User interface design in video games

User interface design in games differs from other UI design because it involves an additional element — fiction. The fiction involves an avatar of the actual user, or player. The player becomes an invisible, but key element to the story, much like a narrator in a novel or film. This fiction can be directly linked to the UI, partly linked, or not at all. Historically games didn’t have any real link to the game’s narrative, most likely because early games rarely had strong story elements.

Erik Fagerholt and Magnus Lorentzon explored theories of game UI design in their thesis for Chalmers University of Technology titled: Beyond the HUD — User Interfaces for Increased Player Immersion in FPS Games. They introduce terms for different types of interfaces depending on how linked to the narrative and game geometry they are:



Diegetic user interface elements exist within the game world (fiction and geometry) so the player and avatar can interact with them through visual, audible or haptic means. Well executed diegetic UI elements enhance the narrative experience for the player, providing a more immersive and integrated experience.

Metro 2033 uses a complete Diegetic UI with no HUD elements to help to support the game’s narrative. It runs the risk of frustrating the player though slow response times but this forms part of the game mechanic.

The character’s watch is used to measure how long the filter in the gas mask will last and how visible he is.

Many games get away with using Diegetic patterns because their narrative is set in the future, where UI overlays in daily life are commonly accepted. This is the case for the latest version of Syndicate. If the story was set in a different time period the UI elements would be probably be considered Spatial (explained in detail later in this post) instead of Diegetic.

Syndicate’s DART overlay mode highlights enemies and allows the character and player to see through cover

Assassin’s Creed manages to use a lot diegetic patterns even though it’s set in a historical world because the player of the player is using a virtual reality system in the future. So the story is in fact futuristic rather than historical.

Assassin’s Creed uses it’s eagle vision to highlight enemies and their patrol track. The player and the character see the same thing.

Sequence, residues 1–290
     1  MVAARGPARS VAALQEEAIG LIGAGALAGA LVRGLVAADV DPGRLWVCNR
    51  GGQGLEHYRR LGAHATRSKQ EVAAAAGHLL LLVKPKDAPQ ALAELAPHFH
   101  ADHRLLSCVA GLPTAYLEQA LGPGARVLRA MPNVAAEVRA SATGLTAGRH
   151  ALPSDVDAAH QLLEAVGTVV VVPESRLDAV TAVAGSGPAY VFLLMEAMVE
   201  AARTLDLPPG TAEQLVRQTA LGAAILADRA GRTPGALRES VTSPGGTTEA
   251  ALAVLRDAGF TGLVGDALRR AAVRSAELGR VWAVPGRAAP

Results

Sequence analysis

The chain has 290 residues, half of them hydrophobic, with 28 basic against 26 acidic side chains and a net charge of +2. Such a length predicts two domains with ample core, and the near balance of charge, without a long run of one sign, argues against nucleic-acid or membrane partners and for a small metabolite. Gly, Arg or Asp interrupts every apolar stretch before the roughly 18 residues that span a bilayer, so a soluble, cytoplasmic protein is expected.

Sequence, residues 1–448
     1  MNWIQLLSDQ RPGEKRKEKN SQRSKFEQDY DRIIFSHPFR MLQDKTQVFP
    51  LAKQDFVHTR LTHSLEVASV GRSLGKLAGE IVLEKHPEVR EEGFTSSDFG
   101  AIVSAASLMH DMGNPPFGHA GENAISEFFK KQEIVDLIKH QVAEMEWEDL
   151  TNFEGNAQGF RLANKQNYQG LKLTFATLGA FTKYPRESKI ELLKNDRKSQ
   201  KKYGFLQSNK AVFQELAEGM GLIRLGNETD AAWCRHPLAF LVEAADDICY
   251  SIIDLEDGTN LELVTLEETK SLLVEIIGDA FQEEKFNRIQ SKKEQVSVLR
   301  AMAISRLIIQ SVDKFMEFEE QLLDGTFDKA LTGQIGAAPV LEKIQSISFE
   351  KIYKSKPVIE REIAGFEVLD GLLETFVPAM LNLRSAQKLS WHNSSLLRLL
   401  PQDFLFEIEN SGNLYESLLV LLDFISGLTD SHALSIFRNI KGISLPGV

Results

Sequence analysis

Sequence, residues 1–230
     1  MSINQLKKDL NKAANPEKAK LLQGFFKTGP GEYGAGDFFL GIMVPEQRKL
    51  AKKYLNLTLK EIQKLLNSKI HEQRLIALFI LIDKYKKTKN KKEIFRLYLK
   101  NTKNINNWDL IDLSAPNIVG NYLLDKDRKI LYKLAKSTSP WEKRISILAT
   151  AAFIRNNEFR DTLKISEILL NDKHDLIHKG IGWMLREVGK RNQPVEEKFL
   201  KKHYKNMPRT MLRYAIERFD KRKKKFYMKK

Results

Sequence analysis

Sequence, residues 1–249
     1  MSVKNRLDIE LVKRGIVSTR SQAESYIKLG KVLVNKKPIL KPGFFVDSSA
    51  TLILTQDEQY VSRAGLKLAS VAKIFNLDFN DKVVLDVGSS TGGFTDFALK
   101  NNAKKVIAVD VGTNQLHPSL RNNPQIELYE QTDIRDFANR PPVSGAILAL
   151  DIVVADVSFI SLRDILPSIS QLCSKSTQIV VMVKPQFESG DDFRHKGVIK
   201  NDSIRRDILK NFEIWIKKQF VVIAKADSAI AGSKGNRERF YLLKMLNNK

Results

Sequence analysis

There are cases when diegetic UI elements aren’t appropriate, either because they aren’t legible in the geometry of the game world, or there’s a need to break the fiction in order to provide the player with more information than the character should or does know.


Sometimes UI elements don’t fit within the geometry of the game world. They can still maintain the game’s narrative but sit on the 2D hub plane — these are called Meta elements.

A common example of a Meta UI element is blood the splatters on the screen as a form of health bar, as in Call of Duty: Modern Warfare 2.

Blood splashing on the screen within the 2D HUD plane to tell the player that the character is losing health

Interacting with the phone in Grand Theft Auto 4 is an interesting example. It mimics the real world interaction — you hear the phone ringing and there is a delay before the character and player answer it. The actual UI element itself appears on the 2D hub plane though, so it’s actually a Meta element, though the start of the interaction is Diegetic.

The character is answering the phone but the actual UI element is placed within the 2D HUD plane that only the player sees

Meta UI elements can be difficult to define in games without a strong narrative element, such as sport or racing games. In Need for Speed: Hot Pursuit I still feel that the speedometer in the 2D HUD is meta because the player’s character — the driver, would know what speed the car is is traveling at and therefor it forms part of the narrative, as much as there is one. Other HUD elements such as track position or track location can be more difficult to define, some could be considered Meta because the drive would have that information while the rest are simply Non-Diegetic.

Need for Speed: Hot Pursuit uses HUD elements such as the speedometer to relay information about the car to the player